Nobigi - Neural optimized baked interactive global illumination

Single interactive component

Two interactive components

Described here is a way to achieve performant (even on mobile devices that are a few years old) and interactive global illumination using small neural networks (4-7 layers deep). Baked lightmaps are the method of choice for pleasantly and accurately lit 3D scenes on the web, but their main drawback is that they are static. A rarely used alternative are video lightmaps, which essentially allow for 1 axis of interactivity (time can be used to represent a dynamic component) - but they are rarely used with good reason, as they can be extremely heavy assets. Demonstrated here is an approach where the global illumination effect of 2 dynamic components (the example uses the rotation of a light source on two axes) can be "compressed" into neural networks with a couple of thousand parameters, and further represented in optimized GLSL (shader) code that is a few 10 kB in size.

In addition to the dynamic and asset weight advantages compared to alternative methods, this approach also benefits from practical resolution independence (the effect scales very well in terms of quality, though one must be mindful of performance) and practically infinite steps between two values (e.g. there are an infinite amount of steps between a 1-degree rotation and a 2-degree rotation), allowing for smooth effect behaviour and interactivity.

Step-by-step guide

  1. Prepare a scene in Blender (see the Coffee Cup scene for an example)
  2. Bake all the surfaces in the scene for all the variable conditions in your scene (such as light rotation, or object movement). See this Blender script for an example - this is also included in the example Blender scene linked above.
  3. Prepare and train your neural network. See this annotated Colab notebook: Nobigi colab notebook.
  4. Carry the generated GLSL code into your web 3D application, an example of which can be seen here: Coffee cup example sandbox.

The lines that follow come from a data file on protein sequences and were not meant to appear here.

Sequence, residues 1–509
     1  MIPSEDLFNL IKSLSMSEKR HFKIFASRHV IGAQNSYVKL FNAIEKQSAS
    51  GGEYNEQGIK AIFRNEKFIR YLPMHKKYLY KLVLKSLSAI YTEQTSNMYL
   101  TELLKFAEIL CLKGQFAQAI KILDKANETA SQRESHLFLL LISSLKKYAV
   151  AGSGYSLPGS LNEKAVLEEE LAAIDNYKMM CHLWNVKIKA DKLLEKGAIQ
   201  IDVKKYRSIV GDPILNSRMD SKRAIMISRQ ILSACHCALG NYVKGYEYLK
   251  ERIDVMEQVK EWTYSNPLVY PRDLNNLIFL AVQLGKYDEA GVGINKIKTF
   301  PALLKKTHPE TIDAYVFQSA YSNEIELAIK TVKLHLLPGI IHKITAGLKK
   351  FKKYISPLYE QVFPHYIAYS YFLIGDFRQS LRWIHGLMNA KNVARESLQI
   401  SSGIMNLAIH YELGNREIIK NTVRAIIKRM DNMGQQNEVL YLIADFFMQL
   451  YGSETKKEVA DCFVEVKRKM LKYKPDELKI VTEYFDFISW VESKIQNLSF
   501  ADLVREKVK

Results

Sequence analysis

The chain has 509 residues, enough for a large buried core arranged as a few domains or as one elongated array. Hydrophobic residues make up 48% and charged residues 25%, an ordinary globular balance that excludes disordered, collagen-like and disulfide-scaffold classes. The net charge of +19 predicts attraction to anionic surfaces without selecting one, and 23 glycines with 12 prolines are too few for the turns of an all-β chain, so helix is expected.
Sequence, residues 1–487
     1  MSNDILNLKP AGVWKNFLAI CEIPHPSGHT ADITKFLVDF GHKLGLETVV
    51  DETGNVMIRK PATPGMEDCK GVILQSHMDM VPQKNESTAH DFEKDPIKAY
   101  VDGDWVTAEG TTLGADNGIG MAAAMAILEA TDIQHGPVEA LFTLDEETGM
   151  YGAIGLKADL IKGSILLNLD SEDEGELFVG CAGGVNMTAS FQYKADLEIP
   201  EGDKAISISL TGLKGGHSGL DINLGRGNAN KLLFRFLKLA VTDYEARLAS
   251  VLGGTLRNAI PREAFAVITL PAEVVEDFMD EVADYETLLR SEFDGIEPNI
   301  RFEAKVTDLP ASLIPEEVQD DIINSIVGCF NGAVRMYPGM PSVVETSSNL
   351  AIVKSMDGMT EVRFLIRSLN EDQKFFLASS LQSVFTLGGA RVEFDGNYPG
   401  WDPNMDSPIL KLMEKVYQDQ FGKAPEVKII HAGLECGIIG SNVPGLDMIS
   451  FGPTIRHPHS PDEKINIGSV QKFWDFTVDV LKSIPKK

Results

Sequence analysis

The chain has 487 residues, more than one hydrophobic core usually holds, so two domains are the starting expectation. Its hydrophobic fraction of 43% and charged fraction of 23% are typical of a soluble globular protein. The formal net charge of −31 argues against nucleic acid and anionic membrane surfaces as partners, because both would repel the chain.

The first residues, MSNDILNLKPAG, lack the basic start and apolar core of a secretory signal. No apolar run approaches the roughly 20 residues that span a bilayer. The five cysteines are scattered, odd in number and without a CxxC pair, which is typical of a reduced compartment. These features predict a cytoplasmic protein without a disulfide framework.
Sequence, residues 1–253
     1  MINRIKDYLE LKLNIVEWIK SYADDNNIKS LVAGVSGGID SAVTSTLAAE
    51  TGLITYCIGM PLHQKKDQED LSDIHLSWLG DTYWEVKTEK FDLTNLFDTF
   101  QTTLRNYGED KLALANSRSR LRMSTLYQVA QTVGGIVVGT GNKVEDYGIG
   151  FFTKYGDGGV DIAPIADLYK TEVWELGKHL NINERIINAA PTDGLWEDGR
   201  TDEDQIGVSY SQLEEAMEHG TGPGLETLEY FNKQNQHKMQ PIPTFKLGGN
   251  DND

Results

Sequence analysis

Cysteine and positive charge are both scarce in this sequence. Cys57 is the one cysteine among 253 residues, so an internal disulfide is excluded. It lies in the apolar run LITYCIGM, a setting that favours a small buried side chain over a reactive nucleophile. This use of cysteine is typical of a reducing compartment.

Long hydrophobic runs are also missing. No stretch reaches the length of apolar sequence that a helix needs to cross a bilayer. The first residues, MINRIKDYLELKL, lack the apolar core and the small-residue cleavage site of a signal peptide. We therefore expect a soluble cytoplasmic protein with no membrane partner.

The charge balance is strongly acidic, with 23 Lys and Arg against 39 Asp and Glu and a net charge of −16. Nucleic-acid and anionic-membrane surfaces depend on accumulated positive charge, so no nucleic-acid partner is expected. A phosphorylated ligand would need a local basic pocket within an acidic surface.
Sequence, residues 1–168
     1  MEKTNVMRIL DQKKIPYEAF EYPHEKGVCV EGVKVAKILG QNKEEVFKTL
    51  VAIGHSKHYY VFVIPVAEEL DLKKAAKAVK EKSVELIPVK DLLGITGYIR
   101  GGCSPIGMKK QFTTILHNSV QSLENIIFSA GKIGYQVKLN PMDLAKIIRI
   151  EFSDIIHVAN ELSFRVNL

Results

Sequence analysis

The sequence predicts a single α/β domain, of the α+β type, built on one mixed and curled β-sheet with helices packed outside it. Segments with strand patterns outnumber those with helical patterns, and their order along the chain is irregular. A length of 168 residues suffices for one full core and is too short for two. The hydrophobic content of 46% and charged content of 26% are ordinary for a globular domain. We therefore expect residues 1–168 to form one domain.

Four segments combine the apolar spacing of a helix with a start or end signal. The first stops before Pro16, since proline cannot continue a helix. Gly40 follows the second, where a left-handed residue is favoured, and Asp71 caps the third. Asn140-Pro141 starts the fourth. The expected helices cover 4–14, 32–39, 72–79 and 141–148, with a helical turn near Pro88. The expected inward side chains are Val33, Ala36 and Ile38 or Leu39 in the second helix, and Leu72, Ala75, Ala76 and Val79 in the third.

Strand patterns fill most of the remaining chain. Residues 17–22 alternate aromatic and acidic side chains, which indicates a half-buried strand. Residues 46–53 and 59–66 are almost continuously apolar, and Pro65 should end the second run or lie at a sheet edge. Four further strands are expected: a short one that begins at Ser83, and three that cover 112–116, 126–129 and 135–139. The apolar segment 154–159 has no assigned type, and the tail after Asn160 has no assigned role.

Just a bit more background

Each surface in a scene becomes a trained neural network contained within a shader. Here's an example of the coffee cup's surface, unwrapped according to its UV map (you can hover over it with your mouse and explore its two interactive axes):

That means that each pixel, say roughly a million of them on an average screen, is doing inference on a multi-thousand parameter network, ideally 60 times per second. That's just a lot of compute and something to keep in mind for older devices (though for example the Coffee Cup demo does work fluidly on many devices).


Although you need to be attentive when using this approach, in order to keep performance consistently within a good range, you can also look forward a bit and imagine, given the expected (and current) improvements in GPU capabilities, what else is possible when pixels are "smart" and their networks deeper and deeper. If you're in a position to fund research in neural graphics, do say hello.


I would like to thank Noah Witherspoon, Paul Henschel, 0beqz for feedback, discussions, and encouragement. This website is based on Instant-NGP's website.

Coffee Cup model by Andrey Kananav (model, CC0)